Case of stamina and determination
Simon Tatham looks at how the routine top-overhaul of a four-stroke V16 port engine of a tug led to a 10-year court battle over the purchase order wording
One of my tasks as columnist is to trawl through recent shipping law reports and alert readers to decisions that might impact upon their tug operations or be of general interest to the industry. Conscious that these are businesses either run by or employing many engineers, this can be somewhat unrewarding. However, there is the occasional gem and in this edition I do have something for the engineeringly minded. It also contains a couple of useful lessons for purchase managers who might therefore resist the temptation to immediately turn the page.
The case involved the routine top-overhaul of a four-stroke V16 port engine of a tug by the engine manufacturer’s service company in Singapore. After the work, which included a complete change of lube oil, was completed, a free-running test (without load) was carried out during which, after six or seven minutes, the engine seized up, suffering significant damage. The main bearings and journals were variously wiped out and scored and the crankshaft bent. Needless to say, repair costs were both high and time-consuming, with the result that the claim included loss of use for one month and the cost of chartering in a substitute tug for three months. It’s not altogether surprising that the owners took the service company to court.
The cause of the damage was the failure to prime the engine. The procedure, involving rotation of the crankshaft using the starting motor until the requisite oil pressure is reached, is designed to ensure that all components were coated in lubricant prior to mechanical movement. It did not take place, despite manufacturer’s guidelines which indicated that there was a risk of damage if the engine ran for only 15 seconds at low oil pressure.
The defendant service company raised a good number of arguments seeking to demonstrate other causes, including vibrational wear caused by some earlier damage to the port side propeller tips.However, these were examined and rejected on the balance of probabilities by the judge.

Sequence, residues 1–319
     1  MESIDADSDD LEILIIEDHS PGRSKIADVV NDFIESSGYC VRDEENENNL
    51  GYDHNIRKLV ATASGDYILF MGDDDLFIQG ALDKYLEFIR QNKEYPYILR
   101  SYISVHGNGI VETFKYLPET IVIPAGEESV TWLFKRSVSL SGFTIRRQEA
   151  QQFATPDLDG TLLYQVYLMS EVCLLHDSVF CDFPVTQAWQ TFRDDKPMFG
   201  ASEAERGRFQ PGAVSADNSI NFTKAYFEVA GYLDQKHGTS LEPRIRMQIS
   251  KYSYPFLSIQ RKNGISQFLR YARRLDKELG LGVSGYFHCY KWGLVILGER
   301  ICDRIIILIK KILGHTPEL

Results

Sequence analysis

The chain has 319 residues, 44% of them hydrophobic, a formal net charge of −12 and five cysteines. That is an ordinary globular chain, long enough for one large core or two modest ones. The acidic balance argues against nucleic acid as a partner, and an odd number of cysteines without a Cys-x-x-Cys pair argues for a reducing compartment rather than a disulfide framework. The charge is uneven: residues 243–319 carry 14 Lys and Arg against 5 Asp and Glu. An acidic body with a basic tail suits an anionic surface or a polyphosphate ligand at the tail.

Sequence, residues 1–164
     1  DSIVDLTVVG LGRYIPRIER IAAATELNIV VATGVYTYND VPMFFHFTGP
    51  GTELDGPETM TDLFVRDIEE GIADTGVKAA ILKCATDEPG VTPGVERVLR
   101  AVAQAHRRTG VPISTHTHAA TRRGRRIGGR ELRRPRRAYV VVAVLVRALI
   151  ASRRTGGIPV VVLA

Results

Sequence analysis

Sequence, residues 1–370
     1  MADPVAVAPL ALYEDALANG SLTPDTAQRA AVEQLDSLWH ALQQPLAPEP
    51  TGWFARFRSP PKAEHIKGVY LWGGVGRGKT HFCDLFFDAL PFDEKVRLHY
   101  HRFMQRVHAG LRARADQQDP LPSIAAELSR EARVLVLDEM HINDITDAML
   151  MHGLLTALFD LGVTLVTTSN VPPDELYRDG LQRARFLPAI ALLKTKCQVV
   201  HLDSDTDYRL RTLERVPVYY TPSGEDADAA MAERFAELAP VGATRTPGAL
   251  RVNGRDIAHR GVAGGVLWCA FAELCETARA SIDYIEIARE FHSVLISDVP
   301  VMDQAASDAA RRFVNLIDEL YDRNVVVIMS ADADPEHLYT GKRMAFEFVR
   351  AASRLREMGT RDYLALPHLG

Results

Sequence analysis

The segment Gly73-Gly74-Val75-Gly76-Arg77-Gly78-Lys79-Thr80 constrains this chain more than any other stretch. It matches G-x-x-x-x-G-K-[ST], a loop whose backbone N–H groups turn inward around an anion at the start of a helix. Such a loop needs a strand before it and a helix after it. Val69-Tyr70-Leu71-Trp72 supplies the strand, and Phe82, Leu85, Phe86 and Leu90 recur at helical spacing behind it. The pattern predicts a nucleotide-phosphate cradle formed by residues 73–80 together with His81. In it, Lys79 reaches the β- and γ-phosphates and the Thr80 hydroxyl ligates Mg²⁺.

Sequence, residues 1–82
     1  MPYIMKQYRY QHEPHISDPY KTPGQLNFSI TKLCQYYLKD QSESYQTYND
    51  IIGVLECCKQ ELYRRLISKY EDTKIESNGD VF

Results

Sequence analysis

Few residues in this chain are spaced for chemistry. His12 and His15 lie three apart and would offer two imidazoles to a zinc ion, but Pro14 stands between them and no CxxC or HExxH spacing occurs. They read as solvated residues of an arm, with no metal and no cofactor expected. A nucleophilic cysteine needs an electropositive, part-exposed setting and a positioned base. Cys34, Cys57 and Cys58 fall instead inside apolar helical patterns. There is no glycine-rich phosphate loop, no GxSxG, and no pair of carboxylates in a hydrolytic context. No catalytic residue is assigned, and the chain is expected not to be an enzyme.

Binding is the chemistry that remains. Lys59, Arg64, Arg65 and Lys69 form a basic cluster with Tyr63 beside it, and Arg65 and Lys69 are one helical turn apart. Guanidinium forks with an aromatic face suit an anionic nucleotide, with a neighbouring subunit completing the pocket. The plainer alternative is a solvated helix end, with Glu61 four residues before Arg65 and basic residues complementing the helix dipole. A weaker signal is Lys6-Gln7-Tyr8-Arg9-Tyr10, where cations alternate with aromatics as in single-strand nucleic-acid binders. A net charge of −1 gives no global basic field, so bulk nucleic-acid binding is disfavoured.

The next question was whether the service company’s terms of sale had been accepted. These sought to exclude liability for consequential damages including for loss of profits or other economic loss and, in any event, limit liability to the price of the works. The claimant argued, conversely, that their own standard purchase terms and conditions referred to in its purchase order applied, prevailing over those of the service company.
What had happened was that the claimant had been provided with a quotation for the works – on each page of which was stipulated that any acceptance was subject to the service company’s standard terms, which would become terms of the contract. This quotation was accepted orally and only followed up weeks later by the claimant’s purchase order. The court found that the purchase order was only intended to signify acceptance of the quotation, nor could it be regarded as a counter-offer. The claimant’s acceptance, in turn, of the purchase order did not vary the terms of contract.
Since the service company’s terms applied, the next question was whether the loss of use claims mentioned above were excluded as being “consequential damages… including loss of profits or other economic loss”. This is a tricky area and great care in drafting needs to be taken to effectively exclude liability. The words appearing on the tin might appear to the non-lawyer as self-evident but that is not necessarily the case, as seen here. Moreover, where there is a lack of clarity or element of doubt in the wording of an exclusion clause, it is a long established principle that the conditions will be construed by the courts against the party seeking to hide behind the protection they purport to provide.
The court correctly concluded that these items of loss were losses flowing directly, naturally and in the course of ordinary events from the breach. They were not to be regarded as remote or consequential and were therefore not excluded from recovery.
The claimants were now 40-love in the third set, but could they still win the match? The final question for the court was whether the losses might still be capped to the contract price. The judge very simply found that this cap, being part of the exclusion clause wording dealing with consequential damages, was directed towards just that, not to other, direct, liabilities.
Game, set and match then to the claimants. That said, it took them almost 10 years to bring the case to court in Singapore – which says something for their stamina and determination.
Simon Tatham is a partner at Tatham & Co and founder member of the www.tugadvise.com service. He has more than 30 years’ experience of shipping law.